If the St. Louis Blues were in a tight 2-1 game in the third period, who would you want them to put on the ice? Odds are good you’d want Vladimir Tarasenko on offense in the hopes he’d find another goal to give the team some breathing room.
That wasn’t the case against the Vegas Golden Knights on Thursday night, as head coach Mike Yeo chose other options ahead of Tarasenko.
The Blues took a 2-1 lead with roughly 14 minutes remaining in the third period. From there, Tarasenko spent most of the time on the bench while Yeo played more of his grinders.
When asked about the decision following the game, Yeo said “there’s no strategy” behind Tarasenko being kept on the bench.
Via STLToday, here’s Yeo’s full quote:
“I think you can make a story of it if you want. The bottom line is, you can look at it how you want to look at it, what he wasn’t doing or what other guys were doing. I don’t think it’s any different from what we talked about with (Kyle Brodziak) and (Scottie Upshall) earning some extra ice time. It’s not any different from (Carter Hutton) deserving a couple games. There were some guys last game that were rolling really well and playing really well and through the course of the game as a coach you have to do what you think is right to get the win.”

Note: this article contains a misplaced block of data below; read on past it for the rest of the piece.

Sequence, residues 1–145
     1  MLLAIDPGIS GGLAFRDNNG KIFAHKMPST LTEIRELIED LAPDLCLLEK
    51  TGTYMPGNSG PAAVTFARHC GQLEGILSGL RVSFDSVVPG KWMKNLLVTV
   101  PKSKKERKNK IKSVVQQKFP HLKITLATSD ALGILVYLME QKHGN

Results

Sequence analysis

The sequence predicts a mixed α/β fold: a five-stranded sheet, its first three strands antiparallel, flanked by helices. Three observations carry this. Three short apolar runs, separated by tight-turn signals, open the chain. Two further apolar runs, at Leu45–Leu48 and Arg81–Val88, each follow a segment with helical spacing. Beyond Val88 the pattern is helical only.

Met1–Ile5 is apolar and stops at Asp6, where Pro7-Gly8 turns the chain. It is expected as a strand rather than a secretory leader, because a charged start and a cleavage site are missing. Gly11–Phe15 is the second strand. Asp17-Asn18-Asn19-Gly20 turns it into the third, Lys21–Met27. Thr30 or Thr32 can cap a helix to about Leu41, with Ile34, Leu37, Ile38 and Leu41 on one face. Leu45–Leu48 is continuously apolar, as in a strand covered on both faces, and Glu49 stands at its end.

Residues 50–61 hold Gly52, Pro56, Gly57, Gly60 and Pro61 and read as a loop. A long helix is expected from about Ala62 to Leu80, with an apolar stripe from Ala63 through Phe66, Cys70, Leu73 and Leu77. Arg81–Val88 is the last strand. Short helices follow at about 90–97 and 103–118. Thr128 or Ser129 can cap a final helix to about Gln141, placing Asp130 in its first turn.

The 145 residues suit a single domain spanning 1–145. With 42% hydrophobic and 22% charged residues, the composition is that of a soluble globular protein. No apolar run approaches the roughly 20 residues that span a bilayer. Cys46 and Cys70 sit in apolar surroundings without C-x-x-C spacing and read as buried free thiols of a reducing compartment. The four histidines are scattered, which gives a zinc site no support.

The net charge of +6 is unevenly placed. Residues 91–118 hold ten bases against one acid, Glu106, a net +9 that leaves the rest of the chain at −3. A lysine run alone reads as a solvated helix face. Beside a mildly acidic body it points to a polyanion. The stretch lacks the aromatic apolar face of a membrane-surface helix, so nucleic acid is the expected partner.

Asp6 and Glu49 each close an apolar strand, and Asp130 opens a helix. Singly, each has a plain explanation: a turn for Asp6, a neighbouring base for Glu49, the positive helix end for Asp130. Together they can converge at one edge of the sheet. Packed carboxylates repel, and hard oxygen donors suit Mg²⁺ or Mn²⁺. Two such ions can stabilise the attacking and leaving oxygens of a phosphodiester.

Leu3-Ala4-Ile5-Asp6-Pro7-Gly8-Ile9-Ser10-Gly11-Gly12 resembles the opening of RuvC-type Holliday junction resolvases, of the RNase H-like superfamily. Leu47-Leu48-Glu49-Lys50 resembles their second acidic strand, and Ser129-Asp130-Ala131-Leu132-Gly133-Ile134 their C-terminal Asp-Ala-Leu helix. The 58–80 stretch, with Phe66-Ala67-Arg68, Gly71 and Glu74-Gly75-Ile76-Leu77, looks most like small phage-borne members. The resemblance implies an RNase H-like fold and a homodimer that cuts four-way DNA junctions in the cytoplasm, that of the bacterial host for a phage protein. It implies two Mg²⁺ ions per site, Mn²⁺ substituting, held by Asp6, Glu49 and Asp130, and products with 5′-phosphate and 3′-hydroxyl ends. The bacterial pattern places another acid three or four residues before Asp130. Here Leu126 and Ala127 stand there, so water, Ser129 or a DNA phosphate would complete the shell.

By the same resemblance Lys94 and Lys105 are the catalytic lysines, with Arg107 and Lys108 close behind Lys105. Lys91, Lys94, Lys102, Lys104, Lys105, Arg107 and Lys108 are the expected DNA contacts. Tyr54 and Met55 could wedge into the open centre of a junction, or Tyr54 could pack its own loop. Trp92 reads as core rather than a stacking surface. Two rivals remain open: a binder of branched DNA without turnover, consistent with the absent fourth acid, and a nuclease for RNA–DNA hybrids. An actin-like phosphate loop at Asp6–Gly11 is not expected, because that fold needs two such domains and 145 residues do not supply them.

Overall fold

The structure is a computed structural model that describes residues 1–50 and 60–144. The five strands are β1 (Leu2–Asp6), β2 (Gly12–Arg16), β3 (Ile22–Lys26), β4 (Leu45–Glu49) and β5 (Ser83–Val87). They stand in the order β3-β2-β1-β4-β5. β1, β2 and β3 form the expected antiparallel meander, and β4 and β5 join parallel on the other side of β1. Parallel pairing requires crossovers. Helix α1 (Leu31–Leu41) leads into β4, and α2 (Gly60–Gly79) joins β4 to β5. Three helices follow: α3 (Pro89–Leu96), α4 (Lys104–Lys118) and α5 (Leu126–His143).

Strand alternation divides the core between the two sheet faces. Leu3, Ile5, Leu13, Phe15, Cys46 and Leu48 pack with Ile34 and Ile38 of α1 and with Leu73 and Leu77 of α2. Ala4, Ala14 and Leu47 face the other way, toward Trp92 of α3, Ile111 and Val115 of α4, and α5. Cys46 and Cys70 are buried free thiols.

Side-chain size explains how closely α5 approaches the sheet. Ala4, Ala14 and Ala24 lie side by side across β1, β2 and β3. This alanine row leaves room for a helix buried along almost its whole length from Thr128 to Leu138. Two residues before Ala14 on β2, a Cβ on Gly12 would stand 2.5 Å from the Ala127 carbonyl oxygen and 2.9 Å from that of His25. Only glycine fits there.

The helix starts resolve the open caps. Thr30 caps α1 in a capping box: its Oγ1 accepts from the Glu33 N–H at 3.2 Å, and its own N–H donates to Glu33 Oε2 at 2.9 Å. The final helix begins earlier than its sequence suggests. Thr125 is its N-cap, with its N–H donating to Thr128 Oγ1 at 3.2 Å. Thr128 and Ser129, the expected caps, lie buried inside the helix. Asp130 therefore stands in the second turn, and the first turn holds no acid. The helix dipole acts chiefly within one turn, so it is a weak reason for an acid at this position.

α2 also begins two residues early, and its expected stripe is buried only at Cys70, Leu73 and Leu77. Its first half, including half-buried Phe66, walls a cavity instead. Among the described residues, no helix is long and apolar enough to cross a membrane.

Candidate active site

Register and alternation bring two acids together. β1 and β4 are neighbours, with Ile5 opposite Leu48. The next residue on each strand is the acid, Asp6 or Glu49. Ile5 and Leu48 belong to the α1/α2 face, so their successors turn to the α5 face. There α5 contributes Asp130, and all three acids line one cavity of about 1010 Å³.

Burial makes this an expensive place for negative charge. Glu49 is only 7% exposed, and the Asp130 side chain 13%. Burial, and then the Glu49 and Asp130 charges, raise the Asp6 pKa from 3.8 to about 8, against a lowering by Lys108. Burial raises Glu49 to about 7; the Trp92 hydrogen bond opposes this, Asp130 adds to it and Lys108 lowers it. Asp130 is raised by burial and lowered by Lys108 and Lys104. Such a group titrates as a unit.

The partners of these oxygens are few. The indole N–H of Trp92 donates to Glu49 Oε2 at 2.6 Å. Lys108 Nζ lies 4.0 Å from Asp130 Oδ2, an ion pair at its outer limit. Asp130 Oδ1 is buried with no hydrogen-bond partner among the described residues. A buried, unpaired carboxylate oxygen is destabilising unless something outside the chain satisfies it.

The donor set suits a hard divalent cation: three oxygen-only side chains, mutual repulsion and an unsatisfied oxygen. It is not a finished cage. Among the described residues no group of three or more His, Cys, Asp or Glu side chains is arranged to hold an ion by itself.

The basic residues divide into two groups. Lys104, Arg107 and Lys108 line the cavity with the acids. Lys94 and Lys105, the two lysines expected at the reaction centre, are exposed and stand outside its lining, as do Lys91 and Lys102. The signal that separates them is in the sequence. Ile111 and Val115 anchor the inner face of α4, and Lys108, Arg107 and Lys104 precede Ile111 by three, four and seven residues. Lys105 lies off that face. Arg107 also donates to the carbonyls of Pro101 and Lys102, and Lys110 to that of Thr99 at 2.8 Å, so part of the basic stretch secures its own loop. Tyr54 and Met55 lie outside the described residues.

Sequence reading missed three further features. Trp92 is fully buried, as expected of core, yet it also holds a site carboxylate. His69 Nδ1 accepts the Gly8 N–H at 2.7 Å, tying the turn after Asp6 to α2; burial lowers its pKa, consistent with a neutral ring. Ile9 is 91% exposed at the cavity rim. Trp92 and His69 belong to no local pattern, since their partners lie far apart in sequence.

Yeo was essentially trying to play the hottest hands in order to close the game out. That’s a fair approach, but you kind of have to question it when Tarasenko has proven time and time again that he needs just a moment to turn a 2-1 game into a 3-1 game. The same can’t be said for the players (Jaskin, Paajarvi) who saw more time.
It’s easy to write this one off because the Blues won. Had they fallen, this would be a pretty hot topic and for good reason. Why wouldn’t you play an apparently healthy Tarasenko in the third period of a one-goal game? Doesn’t that go against the “we have to play to win, we can’t play to not lose” mentality that Scottie Upshall and others were preaching? Sidelining one of your best scorers sounds more like a sit back and defend approach rather than trying to close things out.
The eye test suggests Tarasenko wasn’t at his best against the Golden Knights. Still, he has the capability of transforming a game with a single flick of the wrist even if he looked off prior to that moment. Others don’t have that potential. No one is suggesting he should’ve been double-shifting or anything like that, but it seems a little crazy to think you wouldn’t deploy your best offensive weapon in a close game.